When you think of famous car-producing nations, Mexico is probably not at the top of your list. But two brothers, Guillermo and Iker Echevarría, are on a mission to change that with a two-seater built by their own fledgling manufacturer, Vuhl
Vuhl's first creation, the 05 is a bare-bones halfway home between the sort of car that only cares about going fast around the track, and one that provides more accessible B-road thrills. Yet the fact its 2.0-liter Ford engine develops 285 bhp in something that has a dry weight of 695 kilograms means it is anything but short on performance.
The speed at which the 05 went from an idea to a car you can buy is no less impressive than its design. The 05 first surfaced in concept form back in 2013, unveiled by former British Formula One driver Stirling Moss at the Royal Automobile Club in London. A week later, Formula One driver Esteban Gutiérrez was driving it up the hill at the Goodwood Festival of Speed to show it meant business.
Three years later, sales of the Vuhl 05 have begun.
The family business
It was all but inevitable that the brothers, who have a background in industrial design, would be bitten by the motoring bug. Their father, Guillermo Echevarría senior, was a racing driver and loved to tinker with cars at home -- a pastime that lasted 30 years, Iker explained. No wonder, then, the 05's design inspiration comes from a motoring heyday of unlimited power outputs and few regulations that gave us the legendary Porsche 917 and McLaren M8F.
"The Vuhl 05 design is inspired in Can-Am racers from the '70s," Iker said. "No doors, no roof, no windscreen, and an exposed roll bar. The challenge was to make the essence of this iconic cars work in a contemporary concept without looking like a retro."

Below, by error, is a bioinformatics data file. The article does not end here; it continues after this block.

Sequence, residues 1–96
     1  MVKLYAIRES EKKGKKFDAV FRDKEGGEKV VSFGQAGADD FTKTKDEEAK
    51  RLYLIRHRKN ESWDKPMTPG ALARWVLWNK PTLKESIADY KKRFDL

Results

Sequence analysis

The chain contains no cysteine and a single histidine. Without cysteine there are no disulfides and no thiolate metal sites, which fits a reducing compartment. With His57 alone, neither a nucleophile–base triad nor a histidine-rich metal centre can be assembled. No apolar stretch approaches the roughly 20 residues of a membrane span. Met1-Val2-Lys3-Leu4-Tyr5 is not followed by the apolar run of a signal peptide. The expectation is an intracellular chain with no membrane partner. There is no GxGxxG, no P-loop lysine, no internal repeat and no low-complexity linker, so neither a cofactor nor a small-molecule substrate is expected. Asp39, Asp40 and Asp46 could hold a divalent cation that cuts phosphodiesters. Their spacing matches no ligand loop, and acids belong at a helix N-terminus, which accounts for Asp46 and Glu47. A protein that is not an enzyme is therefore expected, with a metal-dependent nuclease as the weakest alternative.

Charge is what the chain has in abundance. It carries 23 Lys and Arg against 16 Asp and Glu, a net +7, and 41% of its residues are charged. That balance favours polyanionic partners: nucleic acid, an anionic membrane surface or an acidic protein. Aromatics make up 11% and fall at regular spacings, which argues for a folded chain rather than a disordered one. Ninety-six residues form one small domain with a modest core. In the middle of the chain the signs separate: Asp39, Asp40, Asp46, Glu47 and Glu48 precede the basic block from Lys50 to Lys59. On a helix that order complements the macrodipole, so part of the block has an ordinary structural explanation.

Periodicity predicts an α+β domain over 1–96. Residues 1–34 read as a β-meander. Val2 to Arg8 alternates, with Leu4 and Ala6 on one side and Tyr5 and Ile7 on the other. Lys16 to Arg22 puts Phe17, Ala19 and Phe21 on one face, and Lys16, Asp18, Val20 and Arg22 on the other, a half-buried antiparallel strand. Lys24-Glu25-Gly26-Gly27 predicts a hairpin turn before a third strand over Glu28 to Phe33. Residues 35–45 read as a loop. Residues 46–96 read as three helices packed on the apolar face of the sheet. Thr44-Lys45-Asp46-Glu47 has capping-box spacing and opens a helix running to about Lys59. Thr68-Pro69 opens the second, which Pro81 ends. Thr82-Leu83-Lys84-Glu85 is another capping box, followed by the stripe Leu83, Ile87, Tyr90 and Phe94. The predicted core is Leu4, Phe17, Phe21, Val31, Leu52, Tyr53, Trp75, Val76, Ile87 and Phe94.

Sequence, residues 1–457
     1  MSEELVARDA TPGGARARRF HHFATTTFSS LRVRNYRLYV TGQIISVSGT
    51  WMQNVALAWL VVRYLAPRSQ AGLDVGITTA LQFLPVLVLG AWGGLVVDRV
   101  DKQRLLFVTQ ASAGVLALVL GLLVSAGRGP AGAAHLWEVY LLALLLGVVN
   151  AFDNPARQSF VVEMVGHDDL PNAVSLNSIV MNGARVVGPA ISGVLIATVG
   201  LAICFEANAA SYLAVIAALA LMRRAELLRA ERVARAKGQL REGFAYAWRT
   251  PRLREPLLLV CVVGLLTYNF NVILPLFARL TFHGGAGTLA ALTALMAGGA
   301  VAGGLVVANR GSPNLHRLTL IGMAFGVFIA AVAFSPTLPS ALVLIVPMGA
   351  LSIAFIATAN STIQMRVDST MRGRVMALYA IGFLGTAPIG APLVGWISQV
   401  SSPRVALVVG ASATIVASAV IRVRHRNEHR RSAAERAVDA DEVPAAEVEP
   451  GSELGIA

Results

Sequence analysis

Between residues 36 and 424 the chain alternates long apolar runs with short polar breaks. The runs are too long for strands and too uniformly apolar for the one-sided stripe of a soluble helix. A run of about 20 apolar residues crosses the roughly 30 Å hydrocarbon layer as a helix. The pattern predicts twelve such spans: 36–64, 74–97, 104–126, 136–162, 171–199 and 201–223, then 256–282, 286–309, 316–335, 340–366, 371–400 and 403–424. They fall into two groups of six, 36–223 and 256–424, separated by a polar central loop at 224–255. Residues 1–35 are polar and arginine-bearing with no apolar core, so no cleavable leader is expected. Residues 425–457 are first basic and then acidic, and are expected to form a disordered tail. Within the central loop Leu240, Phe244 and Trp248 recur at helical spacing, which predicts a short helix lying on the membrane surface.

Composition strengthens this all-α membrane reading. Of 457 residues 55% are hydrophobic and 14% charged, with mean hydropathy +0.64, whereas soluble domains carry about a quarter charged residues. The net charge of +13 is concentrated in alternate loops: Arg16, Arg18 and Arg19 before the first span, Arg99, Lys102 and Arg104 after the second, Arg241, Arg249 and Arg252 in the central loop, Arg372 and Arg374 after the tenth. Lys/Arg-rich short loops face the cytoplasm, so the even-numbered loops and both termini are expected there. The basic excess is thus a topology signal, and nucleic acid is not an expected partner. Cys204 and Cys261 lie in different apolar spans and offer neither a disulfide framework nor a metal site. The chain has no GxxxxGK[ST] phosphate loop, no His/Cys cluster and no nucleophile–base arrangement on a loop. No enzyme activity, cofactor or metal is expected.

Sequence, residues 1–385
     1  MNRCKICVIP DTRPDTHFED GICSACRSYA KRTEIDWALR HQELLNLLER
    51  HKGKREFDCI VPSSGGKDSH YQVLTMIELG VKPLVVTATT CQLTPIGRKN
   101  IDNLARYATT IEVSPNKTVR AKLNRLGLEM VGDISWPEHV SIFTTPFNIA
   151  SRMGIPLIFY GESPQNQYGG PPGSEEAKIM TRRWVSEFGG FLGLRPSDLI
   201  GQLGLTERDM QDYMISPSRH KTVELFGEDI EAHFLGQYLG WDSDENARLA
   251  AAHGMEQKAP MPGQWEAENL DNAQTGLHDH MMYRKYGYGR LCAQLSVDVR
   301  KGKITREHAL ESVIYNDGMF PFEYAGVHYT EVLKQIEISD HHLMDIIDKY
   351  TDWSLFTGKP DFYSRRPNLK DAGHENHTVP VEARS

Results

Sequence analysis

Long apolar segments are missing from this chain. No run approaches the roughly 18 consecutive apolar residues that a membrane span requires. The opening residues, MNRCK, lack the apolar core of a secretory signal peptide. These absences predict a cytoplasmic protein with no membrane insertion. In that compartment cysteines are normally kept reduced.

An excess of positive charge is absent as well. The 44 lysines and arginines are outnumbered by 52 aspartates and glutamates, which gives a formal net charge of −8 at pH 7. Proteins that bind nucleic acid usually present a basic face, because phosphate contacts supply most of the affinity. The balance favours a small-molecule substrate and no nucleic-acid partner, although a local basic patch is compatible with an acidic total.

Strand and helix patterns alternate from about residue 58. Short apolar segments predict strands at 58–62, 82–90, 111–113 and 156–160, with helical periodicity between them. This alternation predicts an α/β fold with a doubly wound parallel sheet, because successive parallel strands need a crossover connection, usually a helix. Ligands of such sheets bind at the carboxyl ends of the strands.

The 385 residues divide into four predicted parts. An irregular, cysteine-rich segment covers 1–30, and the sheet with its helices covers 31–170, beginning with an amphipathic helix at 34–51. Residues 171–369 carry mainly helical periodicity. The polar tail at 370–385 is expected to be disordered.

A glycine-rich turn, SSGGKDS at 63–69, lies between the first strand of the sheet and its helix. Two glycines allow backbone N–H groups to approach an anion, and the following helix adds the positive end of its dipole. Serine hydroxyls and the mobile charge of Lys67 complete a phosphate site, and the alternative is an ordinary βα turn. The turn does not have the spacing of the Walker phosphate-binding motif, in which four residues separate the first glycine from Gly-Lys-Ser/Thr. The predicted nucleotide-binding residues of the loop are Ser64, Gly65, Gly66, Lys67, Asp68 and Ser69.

The resulting design is an aggressive mix of clean lines, gentle curves mixed with a hint of Batmobile and the function over form ethos seen by other cars in its space. "It will age well through time," he added confidently. "We intend the Vuhl 05 and it successors to be renowned for their effective simplicity and aesthetics guided by a purity of function."
An international pedigree
Though the spirit is Mexican, the Vuhl is incredibly multicultural. The tub holding everything together is Mexican, but around 50 percent of the components are British. The engine, meanwhile, is American and various body panels come from Canada.
Not only that, it was designed with the help of Esiste
, an Italian design firm that counts Lamborghini, Maserati, Zagato, Superlegerra and Ducati among its clients. (Iker even went as far as living in Italy for six months during the Vuhl 05's design phases.)
But is an international pedigree enough to tempt the more snobbish buyer used to British, German and Italian cars?
"We are aware that Mexico doesn´t have an engineering or racing heritage as strong as other countries like Germany or UK which will always be a barrier," Iker said. "Nevertheless, Mexico is living one of its best moments in motorsport with two Mexican drivers in F1 -- Formula 1 -- and (FIA World Endurance Race is) back to Mexico."
Like many fledgling supercar makers, Vuhl has had its share of critics who said Vuhl was going to be yet another wannabe supercar maker that dies a death before it has even started. Yet three years on, the company has just announced a more potent version of the 05 known as the 05RR.
With the 05 and 05RR under its belt, Vuhl has cause for celebration yet success takes time and respect must be earned. But for now Vuhl can exploit a gap between a number of established rivals. "It's a lot of money for a not-actually-that-exotic car, but it sits in a niche above (British manufacturers) Zenos (and) Caterham and below Radical (and) BAC that nobody else seems to be in, so the market is there for the taking," motoring journalist Phil Huff, explained. "That it's Mexican is irrelevant -- I think few people will even realize that."
With plans to make around 25 05 cars a year, each one costing from £60,000 ($78,250), Vuhl has a long way to go before Britain, Germany and Italy have anything to worry about, but never has Mexico had such a chance to make an impact in the performance car world.